On Tuesday there was a congressional hearing regarding encryption. I didn’t watch it because I had better shit to do. But I’ve been reading through some of the highlights and the hearing was like most hearings. A handful of competent individuals were brought in to testify in front of a group of clueless idiots who are somehow allowed to pass policies. What was especially funny to me was a comment made by the director of the Federal Bureau of Investigations (FBI), James Comey (which should really be spelled James Commie):
When Florida Congressman Ted Deutch asked Comey if the potential repercussions of such a back door falling into the wrongs hands were of valid concern, Comey responded by posing a hypothetical situation in which Apple’s own engineers were kidnapped.
“Slippery slope arguments are always attractive, but I suppose you could say, ‘Well, Apple’s engineers have this in their head, what if they’re kidnapped and forced to write software?'” Comey said before the committee. “That’s where the judge has to sort this out, between good lawyers on both sides making all reasonable arguments.”
Comey likely made the comment to highlight how Apple is capable of creating a back door to break the iPhone’s encryption, a fact the company has admitted.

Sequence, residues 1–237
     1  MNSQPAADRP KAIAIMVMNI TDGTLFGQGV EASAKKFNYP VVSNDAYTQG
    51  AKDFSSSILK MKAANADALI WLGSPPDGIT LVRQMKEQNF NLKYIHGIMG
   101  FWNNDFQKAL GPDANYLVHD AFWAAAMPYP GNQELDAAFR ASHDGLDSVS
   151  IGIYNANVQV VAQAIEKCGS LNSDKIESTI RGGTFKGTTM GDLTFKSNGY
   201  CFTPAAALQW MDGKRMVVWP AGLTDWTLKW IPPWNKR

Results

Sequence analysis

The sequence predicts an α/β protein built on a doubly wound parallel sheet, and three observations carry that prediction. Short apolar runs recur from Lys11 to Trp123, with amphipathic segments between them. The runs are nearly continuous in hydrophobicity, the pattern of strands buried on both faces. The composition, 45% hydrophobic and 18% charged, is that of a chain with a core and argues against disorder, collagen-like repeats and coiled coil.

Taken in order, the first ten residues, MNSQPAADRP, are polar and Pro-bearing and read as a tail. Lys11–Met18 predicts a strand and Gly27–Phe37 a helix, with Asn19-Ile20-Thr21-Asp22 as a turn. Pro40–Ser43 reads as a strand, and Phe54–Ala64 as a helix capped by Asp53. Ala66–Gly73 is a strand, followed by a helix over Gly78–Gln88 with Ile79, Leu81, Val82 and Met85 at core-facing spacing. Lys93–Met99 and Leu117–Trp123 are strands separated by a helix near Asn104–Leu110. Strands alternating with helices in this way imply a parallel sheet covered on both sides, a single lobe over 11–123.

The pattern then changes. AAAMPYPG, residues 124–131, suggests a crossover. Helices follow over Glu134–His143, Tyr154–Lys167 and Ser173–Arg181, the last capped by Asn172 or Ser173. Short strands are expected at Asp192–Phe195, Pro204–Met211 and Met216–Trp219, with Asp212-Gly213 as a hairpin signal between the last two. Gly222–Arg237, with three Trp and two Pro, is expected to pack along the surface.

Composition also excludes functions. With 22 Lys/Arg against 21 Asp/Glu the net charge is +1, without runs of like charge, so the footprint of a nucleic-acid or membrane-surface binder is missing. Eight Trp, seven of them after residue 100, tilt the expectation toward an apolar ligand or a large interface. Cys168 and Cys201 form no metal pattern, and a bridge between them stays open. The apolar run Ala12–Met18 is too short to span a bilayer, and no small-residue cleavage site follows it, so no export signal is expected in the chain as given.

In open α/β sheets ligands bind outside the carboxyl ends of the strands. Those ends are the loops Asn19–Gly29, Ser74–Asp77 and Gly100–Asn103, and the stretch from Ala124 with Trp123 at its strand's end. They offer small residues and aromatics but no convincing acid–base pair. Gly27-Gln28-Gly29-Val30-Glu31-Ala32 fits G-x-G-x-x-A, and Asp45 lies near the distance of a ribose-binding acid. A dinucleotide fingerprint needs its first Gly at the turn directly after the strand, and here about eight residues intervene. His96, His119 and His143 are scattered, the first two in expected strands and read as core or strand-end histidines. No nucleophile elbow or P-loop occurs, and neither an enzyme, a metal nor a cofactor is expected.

Comey should have said, “Well, Apple’s engineers have this in their head, what will happen when my agency kidnaps them and forces them to write the backdoor?” Because that’s exactly what his agency is trying to accomplish in the San Bernardino case. The FBI wants the court to order Apple to write a custom version of iOS that would bypass several security features and brute force the encryption key. If the court does issue such an order and Apple doesn’t obey some federal goons will kidnap members of Apple (likely Tim Cook). Of course, the FBI couches its criminal activities in euphemisms such as “arrest” to make them appear legitimate.
But what would happen? As it turns out, not much. Kidnapping one of Apple’s engineers wouldn’t give access to the company’s software signing key. Without that key any software the engineer was forced to write wouldn’t load onto an iOS device.